The world of the adivasi peoples exists within this political-geographic world fighting to protect a forest, and a river flowing south-eastwards against a deltaic water-land-forest governance. This broader political canvas regularly defined the Kondareddis (and others of this region) as ‘uncivilised’, ‘innocent’, ‘naïve’, ‘conflict-mongers’ (‘godava manushulu’, the Telugu word used for them by a government official, in a conversation21), and the like. Other problematic terms used post-Independence are ‘beneficiaries’, and now, ‘oustees’, with the latter term being used without hesitation even in pamphlets and posters, even by those resisting displacement.
The post-independence administrative referral space of Kondamodalu ‘Panchayat’ must enter as one island of resistance among many, and not ‘fit in’ to the idea of a developmental space of the state. Here, nearly all the adivasi families have had martyrs, or fighters against the system at some point or the other. Everything they say about the past is signatured in resistance. Their own reconstruction of events of protest almost always seemed to ‘speak at’ or ‘talk back to’ the state (of the time), and never ‘plead’ for benefits or concessions. It is in this space of earlier resistance that the Left movement entered22 and made its own local history through which the Kondareddis and Koyas again constructed an organic movement history of their space and their idea of Self.
This history and meaning-making of the space in a larger context almost resembles the circular traditional Kondareddi dance. In terms of the circulatory space of resistance, Kondamodalu in East Godavari district (crossing river Godavari, through Sivagiri), has had a long connect with Polavaram and the Koya village Chegondapally (in West Godavari district, now uprooted), connected by a common Left ideology. Also connected through the Left movement were the villages Pochavaram (which once came under the Khammam district of AP and Telangana before reformulation of districts and submergence zone) and others.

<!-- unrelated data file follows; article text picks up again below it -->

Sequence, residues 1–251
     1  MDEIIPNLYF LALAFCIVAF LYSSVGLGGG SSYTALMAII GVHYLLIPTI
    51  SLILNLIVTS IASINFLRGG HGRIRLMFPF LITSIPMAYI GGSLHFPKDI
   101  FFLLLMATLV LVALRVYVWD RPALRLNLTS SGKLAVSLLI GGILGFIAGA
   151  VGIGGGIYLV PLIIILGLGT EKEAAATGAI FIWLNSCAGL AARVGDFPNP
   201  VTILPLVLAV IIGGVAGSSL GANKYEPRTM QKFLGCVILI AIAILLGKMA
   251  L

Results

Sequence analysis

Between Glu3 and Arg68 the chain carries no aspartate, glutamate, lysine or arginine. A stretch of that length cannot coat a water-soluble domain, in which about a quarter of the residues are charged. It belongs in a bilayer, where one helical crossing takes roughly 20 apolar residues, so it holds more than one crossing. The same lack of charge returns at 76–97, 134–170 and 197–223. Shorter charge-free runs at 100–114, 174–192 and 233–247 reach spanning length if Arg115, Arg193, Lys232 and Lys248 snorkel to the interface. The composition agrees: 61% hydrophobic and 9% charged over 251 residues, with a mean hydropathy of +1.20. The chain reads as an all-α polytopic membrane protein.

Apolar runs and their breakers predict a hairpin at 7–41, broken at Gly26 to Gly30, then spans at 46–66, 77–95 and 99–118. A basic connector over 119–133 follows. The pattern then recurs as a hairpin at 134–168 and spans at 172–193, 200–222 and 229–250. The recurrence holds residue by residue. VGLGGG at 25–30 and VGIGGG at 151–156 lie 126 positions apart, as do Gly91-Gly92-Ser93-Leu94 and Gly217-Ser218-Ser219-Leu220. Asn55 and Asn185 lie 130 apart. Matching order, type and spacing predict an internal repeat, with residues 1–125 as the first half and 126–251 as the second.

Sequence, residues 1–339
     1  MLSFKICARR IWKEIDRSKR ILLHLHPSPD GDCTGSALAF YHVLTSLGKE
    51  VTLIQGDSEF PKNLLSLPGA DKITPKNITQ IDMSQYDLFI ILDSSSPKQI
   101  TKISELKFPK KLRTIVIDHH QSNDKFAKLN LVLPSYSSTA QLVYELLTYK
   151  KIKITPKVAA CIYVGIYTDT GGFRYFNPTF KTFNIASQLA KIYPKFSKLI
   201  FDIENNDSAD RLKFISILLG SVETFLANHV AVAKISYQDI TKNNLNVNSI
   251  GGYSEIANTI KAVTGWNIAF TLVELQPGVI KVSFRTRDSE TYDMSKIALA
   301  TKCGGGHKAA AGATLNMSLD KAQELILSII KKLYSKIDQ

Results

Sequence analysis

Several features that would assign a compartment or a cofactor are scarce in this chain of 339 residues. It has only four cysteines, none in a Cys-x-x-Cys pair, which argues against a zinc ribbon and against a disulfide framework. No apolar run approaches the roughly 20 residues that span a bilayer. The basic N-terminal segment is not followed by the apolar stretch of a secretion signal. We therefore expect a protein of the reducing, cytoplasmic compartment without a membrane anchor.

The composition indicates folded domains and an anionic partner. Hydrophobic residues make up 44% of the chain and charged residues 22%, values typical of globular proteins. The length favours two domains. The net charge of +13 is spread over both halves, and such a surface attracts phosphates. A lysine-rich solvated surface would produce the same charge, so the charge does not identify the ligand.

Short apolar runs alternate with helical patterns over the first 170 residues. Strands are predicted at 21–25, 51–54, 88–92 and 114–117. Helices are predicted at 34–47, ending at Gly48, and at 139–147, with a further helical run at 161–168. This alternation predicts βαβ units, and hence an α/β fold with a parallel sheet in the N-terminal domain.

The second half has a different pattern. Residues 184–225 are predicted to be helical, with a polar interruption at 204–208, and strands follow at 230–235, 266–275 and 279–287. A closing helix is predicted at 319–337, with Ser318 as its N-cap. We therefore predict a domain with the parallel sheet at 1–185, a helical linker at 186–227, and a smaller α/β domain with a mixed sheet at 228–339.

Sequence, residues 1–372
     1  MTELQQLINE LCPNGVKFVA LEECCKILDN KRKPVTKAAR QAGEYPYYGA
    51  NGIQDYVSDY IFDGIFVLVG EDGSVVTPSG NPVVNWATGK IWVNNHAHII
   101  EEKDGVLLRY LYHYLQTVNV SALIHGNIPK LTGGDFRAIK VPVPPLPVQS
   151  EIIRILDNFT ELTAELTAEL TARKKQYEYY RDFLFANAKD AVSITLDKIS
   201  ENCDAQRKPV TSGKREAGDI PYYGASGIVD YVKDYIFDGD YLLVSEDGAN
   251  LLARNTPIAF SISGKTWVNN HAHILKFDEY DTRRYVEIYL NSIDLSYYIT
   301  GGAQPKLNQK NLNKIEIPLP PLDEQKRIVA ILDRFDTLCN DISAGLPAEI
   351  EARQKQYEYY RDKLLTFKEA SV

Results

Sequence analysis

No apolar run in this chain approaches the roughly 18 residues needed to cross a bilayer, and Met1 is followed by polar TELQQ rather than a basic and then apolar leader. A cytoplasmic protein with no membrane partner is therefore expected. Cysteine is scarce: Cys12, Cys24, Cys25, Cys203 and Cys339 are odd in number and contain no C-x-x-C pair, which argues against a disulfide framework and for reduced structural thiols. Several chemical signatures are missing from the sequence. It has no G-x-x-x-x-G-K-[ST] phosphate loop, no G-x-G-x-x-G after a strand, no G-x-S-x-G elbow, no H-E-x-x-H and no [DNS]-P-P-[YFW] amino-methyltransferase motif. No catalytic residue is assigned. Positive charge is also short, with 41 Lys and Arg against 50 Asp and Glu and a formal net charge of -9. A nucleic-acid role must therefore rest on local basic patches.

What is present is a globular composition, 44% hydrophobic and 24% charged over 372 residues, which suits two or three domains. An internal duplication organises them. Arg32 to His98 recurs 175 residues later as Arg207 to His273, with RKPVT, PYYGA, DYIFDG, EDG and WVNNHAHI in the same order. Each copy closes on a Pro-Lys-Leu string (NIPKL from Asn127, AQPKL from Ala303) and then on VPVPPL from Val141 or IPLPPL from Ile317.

Pochavaram is also inhabited primarily by Kondareddis. It was here that I had once met (while walking past to another village), by sheer chance, the very senior, loin-cloth clad Gangi Reddi with a tattooed body, who was once associated with the radical, armed Left movement-history in the 1960s. Interestingly, Kondareddis of Pochavaram became entrenched in the Telangana statehood movement between the years 2009 to 2013, since at that moment, they belonged administratively within the Khammam district in Telangana. The Kondareddis of Kondamodalu did not deem it fit to join in with the Kondareddis of Khammam though they were partakers of a common anti-colonial resistance memory. Hence, space-constructs can also be fragile and shifting, in spite of a contiguous cultural-geographic space of either banks of Godavari.
In these historical developments, the worlds of adivasi people are constructed through different historical trajectories, sometimes given to them from the outside, or processes larger than the region, within which the region/space becomes agent in/of and from within, where they consciously define their world and their specific history or histories. The cartography of resistance and space is vectored through moments in time: the Rampa revolt, the revolt of a Subba Reddi, making of the Sir Arthur Cotton anicut, encroachment of lands by upper castes from delta regions, and the Polavaram dam at present. And within these are situated people’s memories, such as the ones I heard in 2008, from Kondla Gangaraju (who passed away in early 2016), Illa Rami Reddi and Madi Muttemma.23
Gangaraju was a former MPTC of Kondamodalu. He recounted:
‘In the past there used to be a Reddi Polavaram, near the present Panchayat office (in Polavaram) and Kondareddis were the heads, such as Nadupuru Rami Reddi and Lachi Reddi; that has become Polavaram today after the Hukumpeta zamindar took all those lands... In 1960s, we struggled between the oppression of the landlords and the government (forest department) which started creating restrictions on our grazing and use of forests. Our situation was like that of a mouse struggling inside a bowl of gruel (Kudipi-lo elaka laaga kottu mittaadutunnaamu).